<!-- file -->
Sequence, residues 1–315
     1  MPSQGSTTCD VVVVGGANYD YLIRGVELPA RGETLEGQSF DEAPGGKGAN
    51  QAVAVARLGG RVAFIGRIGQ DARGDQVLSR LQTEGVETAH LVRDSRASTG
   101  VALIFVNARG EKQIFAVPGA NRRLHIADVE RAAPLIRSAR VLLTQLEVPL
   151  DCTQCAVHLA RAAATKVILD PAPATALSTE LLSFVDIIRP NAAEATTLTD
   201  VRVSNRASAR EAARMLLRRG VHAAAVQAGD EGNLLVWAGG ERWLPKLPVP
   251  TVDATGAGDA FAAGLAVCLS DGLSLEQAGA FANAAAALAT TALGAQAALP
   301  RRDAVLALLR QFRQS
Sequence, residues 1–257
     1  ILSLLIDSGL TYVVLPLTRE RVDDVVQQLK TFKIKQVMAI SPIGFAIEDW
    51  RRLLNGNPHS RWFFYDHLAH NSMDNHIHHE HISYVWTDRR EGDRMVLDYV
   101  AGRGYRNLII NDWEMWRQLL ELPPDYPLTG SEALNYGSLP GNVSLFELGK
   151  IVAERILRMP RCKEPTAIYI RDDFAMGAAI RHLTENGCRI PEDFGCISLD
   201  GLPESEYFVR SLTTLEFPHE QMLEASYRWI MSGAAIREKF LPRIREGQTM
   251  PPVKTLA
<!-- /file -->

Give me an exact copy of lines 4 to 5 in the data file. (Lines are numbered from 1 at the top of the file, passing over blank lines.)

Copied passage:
   101  VALIFVNARG EKQIFAVPGA NRRLHIADVE RAAPLIRSAR VLLTQLEVPL
   151  DCTQCAVHLA RAAATKVILD PAPATALSTE LLSFVDIIRP NAAEATTLTD